|To: BlackDog777 who wrote (72675)||9/22/2004 7:03:24 PM|
|I was booted for noting Chinu's dishonorable methods.|
Here are some Chinu classics from the Vote Bush Out thread.
"Lying is OK in politics." (ChinuSFO)
"You fight evil with evil. Lying is perfectly OK" (ChinuSFO)
"Hey guy, I bloody hell lie. You can paint it anywhere, you can paint it on your ass, you can paint it anywhere. And I enjoy lying. I love it, it is my passtime,..." (ChinuSFO)
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|To: unclewest who wrote (72674)||9/22/2004 7:24:14 PM|
|From: John Carragher|
|mary Mapes... fox broke another story i have not seen here yet. seems she was caught in a phone conversation with a prisoner in a state or federal prison making arrangement for him to mail a letter to cbs legal department.(legal letters go out unopen i assume) Mary mapes said she would intercept the letter and mail it back to the prison to another prisoner who was not to get mail. address would be from cbs legal department. |
warden caught her violating laws , wrote to her and cbs excutives and said her rights to contact prisoner or write letters were suspended....
Appears this woman has no regard for the law , would break laws to get a story. She should not be working. What kind of excutives work at CBS? Does this organization have no values what so ever?
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|To: SiouxPal who wrote (72689)||9/22/2004 7:27:31 PM|
|From: John Carragher|
|CBS's Corporate Board Has Close Ties to Democrats|
As CBS launches an alleged probe into the circumstances surrounding the forged documents case, questions are being raised about the impartiality of the network's investigation given the political affiliations of some of the members of the board of directors of Viacom, the parent company that owns the network.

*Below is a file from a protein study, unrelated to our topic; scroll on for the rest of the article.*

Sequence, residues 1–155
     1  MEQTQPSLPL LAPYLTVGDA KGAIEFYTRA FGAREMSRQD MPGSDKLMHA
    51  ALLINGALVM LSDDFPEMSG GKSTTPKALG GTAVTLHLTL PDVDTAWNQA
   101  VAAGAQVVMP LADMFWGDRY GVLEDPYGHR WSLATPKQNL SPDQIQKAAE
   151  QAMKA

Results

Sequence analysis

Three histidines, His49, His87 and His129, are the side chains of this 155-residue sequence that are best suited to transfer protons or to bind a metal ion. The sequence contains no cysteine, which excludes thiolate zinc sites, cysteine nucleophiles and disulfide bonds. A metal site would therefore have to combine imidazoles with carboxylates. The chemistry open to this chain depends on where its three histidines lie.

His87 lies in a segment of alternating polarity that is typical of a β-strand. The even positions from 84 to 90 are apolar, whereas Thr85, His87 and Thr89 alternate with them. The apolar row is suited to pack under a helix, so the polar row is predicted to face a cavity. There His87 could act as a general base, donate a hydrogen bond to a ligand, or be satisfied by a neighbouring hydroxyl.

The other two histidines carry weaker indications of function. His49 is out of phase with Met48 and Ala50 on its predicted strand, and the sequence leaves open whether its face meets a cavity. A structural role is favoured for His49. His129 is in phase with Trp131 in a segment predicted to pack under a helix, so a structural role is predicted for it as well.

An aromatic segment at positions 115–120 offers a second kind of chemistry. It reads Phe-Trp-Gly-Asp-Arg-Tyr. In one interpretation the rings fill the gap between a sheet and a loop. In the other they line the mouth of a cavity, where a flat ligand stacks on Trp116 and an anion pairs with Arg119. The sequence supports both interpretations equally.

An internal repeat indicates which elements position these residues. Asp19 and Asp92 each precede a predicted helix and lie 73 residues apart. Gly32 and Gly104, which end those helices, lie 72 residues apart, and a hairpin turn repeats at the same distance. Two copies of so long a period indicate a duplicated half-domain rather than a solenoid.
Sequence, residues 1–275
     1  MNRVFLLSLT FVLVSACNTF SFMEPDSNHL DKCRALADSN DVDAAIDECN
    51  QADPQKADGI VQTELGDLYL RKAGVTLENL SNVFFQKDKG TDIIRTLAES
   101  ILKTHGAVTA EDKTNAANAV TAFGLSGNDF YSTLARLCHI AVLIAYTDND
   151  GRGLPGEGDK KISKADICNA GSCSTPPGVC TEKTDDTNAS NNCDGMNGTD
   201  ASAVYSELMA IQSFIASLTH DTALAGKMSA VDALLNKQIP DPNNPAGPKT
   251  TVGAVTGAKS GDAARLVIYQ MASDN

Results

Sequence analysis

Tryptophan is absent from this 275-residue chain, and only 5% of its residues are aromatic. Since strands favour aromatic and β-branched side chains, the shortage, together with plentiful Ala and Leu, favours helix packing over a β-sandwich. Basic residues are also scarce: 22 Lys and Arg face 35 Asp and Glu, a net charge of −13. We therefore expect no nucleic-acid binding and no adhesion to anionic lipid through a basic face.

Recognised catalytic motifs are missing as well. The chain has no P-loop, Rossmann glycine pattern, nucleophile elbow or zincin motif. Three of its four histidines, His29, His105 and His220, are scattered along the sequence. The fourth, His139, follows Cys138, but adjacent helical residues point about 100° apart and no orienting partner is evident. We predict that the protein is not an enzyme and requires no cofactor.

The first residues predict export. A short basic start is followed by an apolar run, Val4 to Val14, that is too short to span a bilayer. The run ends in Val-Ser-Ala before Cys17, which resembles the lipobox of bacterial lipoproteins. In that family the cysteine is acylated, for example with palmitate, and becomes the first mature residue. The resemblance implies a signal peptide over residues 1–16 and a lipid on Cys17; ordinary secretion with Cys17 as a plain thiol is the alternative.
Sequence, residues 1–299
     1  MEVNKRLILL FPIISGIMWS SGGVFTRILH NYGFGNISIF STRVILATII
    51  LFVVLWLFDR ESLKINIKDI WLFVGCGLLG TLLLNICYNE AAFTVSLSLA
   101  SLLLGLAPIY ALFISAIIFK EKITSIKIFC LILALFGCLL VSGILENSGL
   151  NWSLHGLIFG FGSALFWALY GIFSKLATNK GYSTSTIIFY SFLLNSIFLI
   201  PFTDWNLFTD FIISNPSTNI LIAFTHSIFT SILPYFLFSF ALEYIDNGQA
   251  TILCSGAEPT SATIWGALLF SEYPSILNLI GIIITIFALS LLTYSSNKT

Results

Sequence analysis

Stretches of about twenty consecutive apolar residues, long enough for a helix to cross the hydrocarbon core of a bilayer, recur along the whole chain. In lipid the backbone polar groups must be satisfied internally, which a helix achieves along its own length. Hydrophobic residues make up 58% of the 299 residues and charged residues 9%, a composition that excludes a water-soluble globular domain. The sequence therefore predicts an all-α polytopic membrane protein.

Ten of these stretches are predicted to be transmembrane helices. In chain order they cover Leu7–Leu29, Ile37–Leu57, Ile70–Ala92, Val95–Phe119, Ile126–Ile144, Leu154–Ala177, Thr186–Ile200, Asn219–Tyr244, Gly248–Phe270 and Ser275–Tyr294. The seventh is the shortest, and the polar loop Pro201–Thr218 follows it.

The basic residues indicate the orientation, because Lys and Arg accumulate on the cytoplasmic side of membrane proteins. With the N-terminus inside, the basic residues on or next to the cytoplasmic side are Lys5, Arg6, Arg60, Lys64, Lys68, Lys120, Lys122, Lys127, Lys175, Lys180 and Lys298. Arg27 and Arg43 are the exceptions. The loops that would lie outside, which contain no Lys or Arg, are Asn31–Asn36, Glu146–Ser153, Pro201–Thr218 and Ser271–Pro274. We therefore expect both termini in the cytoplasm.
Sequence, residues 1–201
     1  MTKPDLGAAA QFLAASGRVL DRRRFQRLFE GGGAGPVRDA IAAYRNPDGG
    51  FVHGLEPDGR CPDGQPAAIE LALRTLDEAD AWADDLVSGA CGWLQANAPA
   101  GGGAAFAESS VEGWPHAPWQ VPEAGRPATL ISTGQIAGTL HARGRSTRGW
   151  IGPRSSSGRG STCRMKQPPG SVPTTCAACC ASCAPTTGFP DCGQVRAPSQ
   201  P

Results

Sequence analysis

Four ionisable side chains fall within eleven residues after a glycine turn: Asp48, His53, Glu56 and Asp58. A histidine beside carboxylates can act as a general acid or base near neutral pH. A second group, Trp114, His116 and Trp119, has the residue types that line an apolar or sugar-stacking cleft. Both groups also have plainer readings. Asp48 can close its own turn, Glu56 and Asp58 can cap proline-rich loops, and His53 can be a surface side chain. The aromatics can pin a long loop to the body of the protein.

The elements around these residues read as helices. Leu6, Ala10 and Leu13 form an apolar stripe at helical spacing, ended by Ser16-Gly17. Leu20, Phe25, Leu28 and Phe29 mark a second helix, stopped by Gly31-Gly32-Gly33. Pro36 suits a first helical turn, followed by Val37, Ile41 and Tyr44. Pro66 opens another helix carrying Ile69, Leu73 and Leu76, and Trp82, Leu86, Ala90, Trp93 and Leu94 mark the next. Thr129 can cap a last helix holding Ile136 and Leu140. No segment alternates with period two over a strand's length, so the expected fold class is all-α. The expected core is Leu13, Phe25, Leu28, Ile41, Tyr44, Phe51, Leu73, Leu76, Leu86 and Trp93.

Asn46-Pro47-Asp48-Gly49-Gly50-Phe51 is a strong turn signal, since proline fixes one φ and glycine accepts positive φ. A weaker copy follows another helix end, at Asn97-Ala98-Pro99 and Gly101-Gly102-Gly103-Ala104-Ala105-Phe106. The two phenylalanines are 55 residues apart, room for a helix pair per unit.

Noting that corporate governance experts say the directors of Viacom have no choice but to take a key role in probing CBS's use of fake documents about President Bush's military record, the New York Sun reported Tuesday that the political leanings of Viacom's board has raised new concerns.
The paper reviewed the political leanings and contribution history of the Viacom board and the company's senior management.
The Sun notes that Viacom's chairman and chief executive, Sumner Redstone, for example, is a self-described "liberal Democrat" who has been "a prolific donor to Democratic campaigns."
Moreover, of Viacom's 13 board members, fully eight contribute primarily to Democratic candidates and party committees, while another two other members of the board, Joseph Califano and William Cohen, both held Cabinet posts under Democratic presidents.
"The board needs to be involved, so to speak, prophylactically," a business ethics specialist at the Conference Board, Ronald Berenbeim, told the Sun
"The exposure to risk for Viacom, even though CBS News is just one of many things that it owns, is very substantial," he said. "There's substantial risk to a major business operation for which they have ultimate oversight and responsibility."
An attorney experienced in conducting the kind of independent investigation CBS has been said to have launched says the board members have a duty to make sure CBS's reputation is not tarnished any more than it already has been.
"Dan Rather is obviously an important person. He's part of the brand," lawyer Jeffrey Kaplan of Skillman, N.J., told the Sun. "A board's duty in this situation is somewhat uncertain because the facts are so unique. But at a minimum, given what's at stake for CBS, the board would want to be involved in this to ensure the independence and the professionalism of the investigation to be conducted, because if that doesn't happen then this asset of great value to the Viacom shareholder, meaning CBS, could be imperiled."